The drugstore is great for many things—impulse buys, emergency face-wipe restocks, really big bottles of moisturizer...But as with any relationship, it’s important to acknowledge holes in communication. That's how you grow and mature and become more productive. So now seems as good a time as any to acknowledge that drugstore product descriptions have a major communication problem.
Namely, the term “combination skin.” What does that even mean? Oh, so you’re dry in some areas and oily in others, and sometimes it changes? Welcome to having a face. At this point in our collective lives, I suggest we come to terms that this nebulous “combination skin” nonsense means nothing.
And I'm not alone.
'I never use the term 'combination skin,'' said dermatologist/psychologist Dr. Amy Wechsler. “I think people get confused by it. There are people who have acne and dry, sensitive skin, and they are like, 'I must be oily because of the acne, but I’m dry so it’s combo.' Or 'Normal skin is almost always more oily in the middle of the face and less oily on the sides, so is that combo?' That all sounds normal to me.”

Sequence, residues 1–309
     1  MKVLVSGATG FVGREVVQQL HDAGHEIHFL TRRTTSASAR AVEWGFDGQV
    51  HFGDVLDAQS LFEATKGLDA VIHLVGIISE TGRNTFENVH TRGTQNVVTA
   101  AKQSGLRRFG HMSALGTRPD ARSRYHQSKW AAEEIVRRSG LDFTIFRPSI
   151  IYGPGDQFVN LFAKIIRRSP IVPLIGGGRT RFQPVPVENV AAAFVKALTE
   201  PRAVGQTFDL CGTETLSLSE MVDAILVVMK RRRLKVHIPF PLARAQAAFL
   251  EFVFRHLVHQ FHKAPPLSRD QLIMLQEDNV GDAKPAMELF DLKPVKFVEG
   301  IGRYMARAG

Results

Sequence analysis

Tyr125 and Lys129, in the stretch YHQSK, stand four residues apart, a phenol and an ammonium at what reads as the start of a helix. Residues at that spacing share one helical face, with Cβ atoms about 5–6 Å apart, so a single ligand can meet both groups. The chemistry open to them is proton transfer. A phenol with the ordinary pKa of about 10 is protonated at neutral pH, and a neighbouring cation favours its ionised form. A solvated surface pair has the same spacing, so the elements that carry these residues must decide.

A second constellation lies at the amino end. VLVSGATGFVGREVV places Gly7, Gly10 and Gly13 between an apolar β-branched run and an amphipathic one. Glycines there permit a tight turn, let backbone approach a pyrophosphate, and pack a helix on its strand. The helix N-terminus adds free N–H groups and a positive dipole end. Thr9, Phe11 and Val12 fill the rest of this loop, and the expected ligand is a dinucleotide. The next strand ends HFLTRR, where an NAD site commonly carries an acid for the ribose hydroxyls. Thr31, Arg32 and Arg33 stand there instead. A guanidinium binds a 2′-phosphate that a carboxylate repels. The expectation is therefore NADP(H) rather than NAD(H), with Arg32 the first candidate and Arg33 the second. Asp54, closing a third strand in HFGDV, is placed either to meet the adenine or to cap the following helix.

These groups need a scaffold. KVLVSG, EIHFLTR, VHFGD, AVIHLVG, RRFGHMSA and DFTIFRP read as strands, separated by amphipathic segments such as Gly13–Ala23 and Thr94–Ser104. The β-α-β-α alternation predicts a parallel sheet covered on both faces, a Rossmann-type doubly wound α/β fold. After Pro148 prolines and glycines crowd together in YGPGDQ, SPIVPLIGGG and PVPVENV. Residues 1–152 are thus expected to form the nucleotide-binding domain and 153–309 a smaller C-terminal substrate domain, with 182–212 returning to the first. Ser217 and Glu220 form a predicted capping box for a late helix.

Sounds normal to me, too. But even then, I feel like we're overthinking it. “For most people there are more oily or sebaceous glands on the nose and central face.” Dr. David Colbert of the New York Dermatology Group said, echoing Dr. Wechsler's remarks. “So this area is naturally more oily. Many of my clients say they have combination skin, and in a sense, they are right.” Maybe we all have combination skin. But if everyone has it, then does anybody really have it?
Regardless of your answer to that question, there are steps to take to correct any wavering state in which you might find your face. Dr. Wechsler continues: “Sometimes people create their own dryness. If you’re over-scrubbing your skin, you could be making it dry. American women in general tend to over-cleanse. I like to tell people to listen to their own skin rather than listening to what a product says or listening to someone they met in a store telling them what to do for their skin.”
Products flagged for “combination skin' might be pure marketing, so look for things that tout balance instead. Dr. Colbert recommends his Balance Purifying Cleanser to gently clean without the oil-stripping effects of soap. Both doctors said a routine with fewer products (albeit the right products) might be the very simple solution to happier skin. “If your skin is reacting differently, the ingredients in your products may have changed, or something bigger might be changing with your skin.” Dr. Wechsler said. “But in general, I think if you find something that works for your skin, you should never have to change it.”
Photo via ITG.
So now you know your skin's not combination, but do you know its pH balance?